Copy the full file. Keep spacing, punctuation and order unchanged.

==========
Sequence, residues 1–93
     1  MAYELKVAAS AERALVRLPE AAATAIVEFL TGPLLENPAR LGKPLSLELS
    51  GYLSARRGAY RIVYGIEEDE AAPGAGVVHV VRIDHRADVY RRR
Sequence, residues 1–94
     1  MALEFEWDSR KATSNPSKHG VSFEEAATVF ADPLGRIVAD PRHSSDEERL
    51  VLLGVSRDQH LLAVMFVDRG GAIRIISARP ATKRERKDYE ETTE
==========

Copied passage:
Sequence, residues 1–93
     1  MAYELKVAAS AERALVRLPE AAATAIVEFL TGPLLENPAR LGKPLSLELS
    51  GYLSARRGAY RIVYGIEEDE AAPGAGVVHV VRIDHRADVY RRR
Sequence, residues 1–94
     1  MALEFEWDSR KATSNPSKHG VSFEEAATVF ADPLGRIVAD PRHSSDEERL
    51  VLLGVSRDQH LLAVMFVDRG GAIRIISARP ATKRERKDYE ETTE